Brace posts with metal brace and brace wire running diagonally from upper second post to lower end post. Once you’ve decided where to put your fence, put your brace posts in. You need a set of brace posts on each end of your fence in order to pull the barb-wire tight.
You can also have more, based on your needs. We put six sets of brace posts in this quarter mile of fence because we put a space for a gate, and had to fence across two valleys.
We use six-inch diameter, eight-foot long, creosote-treated posts and pound them into the ground about three feet for our brace posts. The posts in the interior of the fence are five-inch diameter, seven-foot long creosote-treated posts. We have found no other wood treatment comes close to creosote for preserving wood from rotting. It is frustrating to build a new fence and watch the wooden posts rot off in ten or fifteen years.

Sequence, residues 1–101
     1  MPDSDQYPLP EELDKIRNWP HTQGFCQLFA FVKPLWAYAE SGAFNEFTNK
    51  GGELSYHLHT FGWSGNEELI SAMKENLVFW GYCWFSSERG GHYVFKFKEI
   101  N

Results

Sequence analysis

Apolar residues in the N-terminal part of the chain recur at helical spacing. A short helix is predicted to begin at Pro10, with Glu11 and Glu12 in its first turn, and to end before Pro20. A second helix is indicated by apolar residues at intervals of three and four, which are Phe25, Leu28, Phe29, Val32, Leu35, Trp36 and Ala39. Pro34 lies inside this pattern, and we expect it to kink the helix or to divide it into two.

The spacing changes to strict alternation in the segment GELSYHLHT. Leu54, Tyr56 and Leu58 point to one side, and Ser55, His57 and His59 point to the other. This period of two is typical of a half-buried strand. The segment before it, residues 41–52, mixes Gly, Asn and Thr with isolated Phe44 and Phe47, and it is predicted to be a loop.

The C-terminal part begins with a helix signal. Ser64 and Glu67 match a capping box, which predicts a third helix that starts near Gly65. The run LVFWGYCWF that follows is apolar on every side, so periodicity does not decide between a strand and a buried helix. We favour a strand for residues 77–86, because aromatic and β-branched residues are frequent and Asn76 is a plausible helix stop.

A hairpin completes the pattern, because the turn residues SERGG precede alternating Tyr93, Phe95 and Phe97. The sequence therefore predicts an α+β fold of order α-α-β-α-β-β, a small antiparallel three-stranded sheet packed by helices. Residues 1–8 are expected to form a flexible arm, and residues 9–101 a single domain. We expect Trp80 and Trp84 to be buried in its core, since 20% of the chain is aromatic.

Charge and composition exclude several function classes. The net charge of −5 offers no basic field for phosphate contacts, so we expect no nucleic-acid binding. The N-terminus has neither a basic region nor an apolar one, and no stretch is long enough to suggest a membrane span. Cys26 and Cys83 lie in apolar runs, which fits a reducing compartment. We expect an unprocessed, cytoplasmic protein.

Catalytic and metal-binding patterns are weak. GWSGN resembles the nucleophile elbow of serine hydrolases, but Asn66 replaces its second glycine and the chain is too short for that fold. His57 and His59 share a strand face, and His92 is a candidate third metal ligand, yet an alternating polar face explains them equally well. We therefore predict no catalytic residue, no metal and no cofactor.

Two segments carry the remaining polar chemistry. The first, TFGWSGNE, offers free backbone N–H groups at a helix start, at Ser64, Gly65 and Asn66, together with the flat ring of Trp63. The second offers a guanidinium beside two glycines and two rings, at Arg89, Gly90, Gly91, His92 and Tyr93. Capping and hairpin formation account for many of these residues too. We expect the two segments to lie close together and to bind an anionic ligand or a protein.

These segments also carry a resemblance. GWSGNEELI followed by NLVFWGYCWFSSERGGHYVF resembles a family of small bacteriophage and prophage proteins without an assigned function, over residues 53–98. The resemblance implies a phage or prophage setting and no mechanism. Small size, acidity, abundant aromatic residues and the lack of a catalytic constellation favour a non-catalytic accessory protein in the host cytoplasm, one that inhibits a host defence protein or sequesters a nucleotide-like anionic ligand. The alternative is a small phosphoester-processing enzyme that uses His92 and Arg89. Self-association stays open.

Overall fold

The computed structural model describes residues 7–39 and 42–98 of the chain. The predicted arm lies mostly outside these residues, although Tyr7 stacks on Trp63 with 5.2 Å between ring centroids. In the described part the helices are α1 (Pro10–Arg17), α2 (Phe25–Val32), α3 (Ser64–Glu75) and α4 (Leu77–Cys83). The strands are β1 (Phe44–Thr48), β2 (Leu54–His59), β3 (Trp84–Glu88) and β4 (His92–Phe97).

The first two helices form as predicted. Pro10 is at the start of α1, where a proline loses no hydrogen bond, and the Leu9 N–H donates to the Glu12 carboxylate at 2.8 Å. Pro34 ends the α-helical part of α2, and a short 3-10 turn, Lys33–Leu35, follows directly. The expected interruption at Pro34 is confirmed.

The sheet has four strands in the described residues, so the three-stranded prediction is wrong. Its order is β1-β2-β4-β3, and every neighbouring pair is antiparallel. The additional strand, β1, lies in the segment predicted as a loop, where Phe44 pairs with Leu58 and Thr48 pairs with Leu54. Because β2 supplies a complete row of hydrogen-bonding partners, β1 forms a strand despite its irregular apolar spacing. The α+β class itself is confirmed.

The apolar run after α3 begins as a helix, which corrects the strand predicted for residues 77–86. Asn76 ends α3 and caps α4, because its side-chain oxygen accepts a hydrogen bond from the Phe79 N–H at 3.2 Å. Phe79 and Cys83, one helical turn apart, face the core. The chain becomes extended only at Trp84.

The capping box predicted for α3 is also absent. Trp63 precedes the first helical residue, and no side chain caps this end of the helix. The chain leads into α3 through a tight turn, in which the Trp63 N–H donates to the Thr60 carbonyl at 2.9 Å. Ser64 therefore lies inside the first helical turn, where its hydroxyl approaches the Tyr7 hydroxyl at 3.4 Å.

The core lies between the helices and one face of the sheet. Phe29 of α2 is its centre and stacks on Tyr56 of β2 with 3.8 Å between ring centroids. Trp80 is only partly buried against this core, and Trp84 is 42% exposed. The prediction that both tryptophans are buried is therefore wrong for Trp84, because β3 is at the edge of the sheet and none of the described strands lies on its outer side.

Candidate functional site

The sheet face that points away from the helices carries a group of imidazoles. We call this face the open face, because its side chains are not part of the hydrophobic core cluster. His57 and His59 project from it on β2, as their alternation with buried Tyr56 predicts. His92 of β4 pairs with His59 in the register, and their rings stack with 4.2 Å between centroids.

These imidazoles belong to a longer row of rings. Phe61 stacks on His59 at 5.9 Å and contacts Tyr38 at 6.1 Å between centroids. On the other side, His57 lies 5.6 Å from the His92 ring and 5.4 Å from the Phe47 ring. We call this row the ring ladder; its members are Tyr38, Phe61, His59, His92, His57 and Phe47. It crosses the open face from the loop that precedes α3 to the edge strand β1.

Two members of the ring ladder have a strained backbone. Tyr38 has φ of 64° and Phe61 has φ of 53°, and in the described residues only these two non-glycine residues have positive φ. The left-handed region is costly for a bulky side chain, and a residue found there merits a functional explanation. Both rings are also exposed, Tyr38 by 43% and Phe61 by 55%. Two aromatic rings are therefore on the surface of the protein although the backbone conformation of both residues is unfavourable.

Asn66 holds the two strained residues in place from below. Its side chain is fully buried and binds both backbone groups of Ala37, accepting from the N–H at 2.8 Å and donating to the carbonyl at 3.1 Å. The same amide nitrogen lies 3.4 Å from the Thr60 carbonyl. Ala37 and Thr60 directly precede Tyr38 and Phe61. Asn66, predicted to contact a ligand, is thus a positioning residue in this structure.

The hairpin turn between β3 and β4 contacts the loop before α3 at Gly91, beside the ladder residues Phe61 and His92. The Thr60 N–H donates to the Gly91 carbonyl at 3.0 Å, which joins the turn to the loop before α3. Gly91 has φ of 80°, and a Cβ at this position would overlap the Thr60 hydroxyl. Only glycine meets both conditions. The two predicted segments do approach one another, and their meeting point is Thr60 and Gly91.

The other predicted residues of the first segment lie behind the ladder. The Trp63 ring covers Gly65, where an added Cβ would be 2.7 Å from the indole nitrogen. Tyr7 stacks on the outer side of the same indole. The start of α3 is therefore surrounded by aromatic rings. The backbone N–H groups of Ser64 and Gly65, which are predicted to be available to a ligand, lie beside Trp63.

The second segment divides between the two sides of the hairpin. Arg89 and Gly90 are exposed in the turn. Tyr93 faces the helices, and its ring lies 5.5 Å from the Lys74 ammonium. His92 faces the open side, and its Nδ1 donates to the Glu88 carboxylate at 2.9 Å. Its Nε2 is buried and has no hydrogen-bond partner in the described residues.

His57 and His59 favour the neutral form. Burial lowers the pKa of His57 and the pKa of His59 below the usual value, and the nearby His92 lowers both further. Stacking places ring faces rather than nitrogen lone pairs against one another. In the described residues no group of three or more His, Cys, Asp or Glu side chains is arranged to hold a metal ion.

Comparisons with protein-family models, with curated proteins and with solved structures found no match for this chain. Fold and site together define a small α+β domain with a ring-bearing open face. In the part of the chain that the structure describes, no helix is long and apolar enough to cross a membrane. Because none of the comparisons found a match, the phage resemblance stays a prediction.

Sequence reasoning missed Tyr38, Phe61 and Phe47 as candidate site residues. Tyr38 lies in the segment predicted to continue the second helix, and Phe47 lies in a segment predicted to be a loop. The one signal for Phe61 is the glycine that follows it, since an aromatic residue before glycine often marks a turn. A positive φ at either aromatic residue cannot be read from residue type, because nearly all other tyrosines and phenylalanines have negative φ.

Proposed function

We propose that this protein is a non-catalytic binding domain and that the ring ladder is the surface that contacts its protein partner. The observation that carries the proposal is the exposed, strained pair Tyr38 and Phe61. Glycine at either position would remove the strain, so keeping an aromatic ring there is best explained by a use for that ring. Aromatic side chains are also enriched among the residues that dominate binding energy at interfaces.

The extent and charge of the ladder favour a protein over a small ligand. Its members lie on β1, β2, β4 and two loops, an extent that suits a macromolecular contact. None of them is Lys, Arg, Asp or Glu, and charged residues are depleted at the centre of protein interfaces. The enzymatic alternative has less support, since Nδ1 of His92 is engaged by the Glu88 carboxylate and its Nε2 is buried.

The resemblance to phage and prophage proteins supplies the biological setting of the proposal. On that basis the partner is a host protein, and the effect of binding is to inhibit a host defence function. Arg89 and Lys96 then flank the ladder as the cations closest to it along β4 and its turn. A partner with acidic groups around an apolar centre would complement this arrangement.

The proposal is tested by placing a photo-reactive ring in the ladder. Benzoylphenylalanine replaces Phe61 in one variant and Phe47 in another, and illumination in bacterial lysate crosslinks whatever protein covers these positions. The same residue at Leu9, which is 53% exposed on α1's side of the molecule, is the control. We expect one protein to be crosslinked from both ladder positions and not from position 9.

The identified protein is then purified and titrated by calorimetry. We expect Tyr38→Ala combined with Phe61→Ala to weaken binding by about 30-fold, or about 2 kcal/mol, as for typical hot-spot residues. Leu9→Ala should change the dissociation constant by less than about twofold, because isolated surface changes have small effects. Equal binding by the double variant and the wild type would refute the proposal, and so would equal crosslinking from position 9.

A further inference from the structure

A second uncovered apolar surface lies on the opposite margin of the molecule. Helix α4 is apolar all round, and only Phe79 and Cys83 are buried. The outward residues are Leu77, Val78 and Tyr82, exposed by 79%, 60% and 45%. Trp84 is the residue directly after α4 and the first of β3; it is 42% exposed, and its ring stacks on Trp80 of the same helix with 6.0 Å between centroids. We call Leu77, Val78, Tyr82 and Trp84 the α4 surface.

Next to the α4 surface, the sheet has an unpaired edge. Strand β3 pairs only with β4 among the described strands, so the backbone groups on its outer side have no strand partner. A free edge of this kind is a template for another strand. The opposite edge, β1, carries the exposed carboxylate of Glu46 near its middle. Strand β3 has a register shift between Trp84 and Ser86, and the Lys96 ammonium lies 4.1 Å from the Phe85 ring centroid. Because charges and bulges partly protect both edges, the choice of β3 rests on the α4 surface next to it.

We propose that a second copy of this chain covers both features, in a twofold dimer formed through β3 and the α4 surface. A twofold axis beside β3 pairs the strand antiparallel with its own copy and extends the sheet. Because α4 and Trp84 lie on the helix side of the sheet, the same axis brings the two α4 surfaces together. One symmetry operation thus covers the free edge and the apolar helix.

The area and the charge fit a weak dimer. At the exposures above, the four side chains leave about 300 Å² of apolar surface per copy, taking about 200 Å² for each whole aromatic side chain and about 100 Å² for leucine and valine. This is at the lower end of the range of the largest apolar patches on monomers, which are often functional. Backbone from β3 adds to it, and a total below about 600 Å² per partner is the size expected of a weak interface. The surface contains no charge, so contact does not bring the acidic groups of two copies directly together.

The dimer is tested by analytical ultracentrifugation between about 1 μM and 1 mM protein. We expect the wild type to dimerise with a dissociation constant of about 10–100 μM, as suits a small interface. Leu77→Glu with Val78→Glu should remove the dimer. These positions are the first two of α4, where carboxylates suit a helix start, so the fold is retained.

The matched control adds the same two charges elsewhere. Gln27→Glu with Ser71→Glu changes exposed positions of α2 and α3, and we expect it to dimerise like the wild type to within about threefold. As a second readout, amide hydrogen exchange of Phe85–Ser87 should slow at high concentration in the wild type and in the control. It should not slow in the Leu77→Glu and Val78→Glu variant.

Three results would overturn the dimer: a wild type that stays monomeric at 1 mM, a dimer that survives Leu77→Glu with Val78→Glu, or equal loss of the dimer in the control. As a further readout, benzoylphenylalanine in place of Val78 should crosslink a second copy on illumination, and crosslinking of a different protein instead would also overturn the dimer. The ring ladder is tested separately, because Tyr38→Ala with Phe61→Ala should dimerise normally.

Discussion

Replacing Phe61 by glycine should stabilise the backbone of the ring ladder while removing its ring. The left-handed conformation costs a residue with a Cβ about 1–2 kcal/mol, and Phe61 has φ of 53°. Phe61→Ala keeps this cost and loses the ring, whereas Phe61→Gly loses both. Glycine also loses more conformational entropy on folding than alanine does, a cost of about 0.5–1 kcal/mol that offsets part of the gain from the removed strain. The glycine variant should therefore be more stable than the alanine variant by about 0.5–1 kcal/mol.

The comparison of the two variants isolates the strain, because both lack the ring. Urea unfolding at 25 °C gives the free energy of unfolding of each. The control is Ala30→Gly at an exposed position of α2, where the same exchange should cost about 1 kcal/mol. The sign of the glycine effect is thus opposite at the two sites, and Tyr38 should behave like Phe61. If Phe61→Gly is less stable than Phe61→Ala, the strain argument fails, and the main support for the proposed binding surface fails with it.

The metal brace is secured to the posts with a lag-bolt. We put our brace in level, about two-thirds up the posts. Many people are putting the brace at the top. The old-fashioned way is to put the brace at an angle. This has the tendency to pull one of the brace posts out of the ground, though.
The brace wire is run through a staple at the top of the second post, around the posts, and through a staple at the bottom of the end post. After it is tied, I use the handle of a fencing pliers to wind it, thereby tightening it. This pulls the two posts together against the brace, making an excellent anchor to stretch barb-wire for your fence.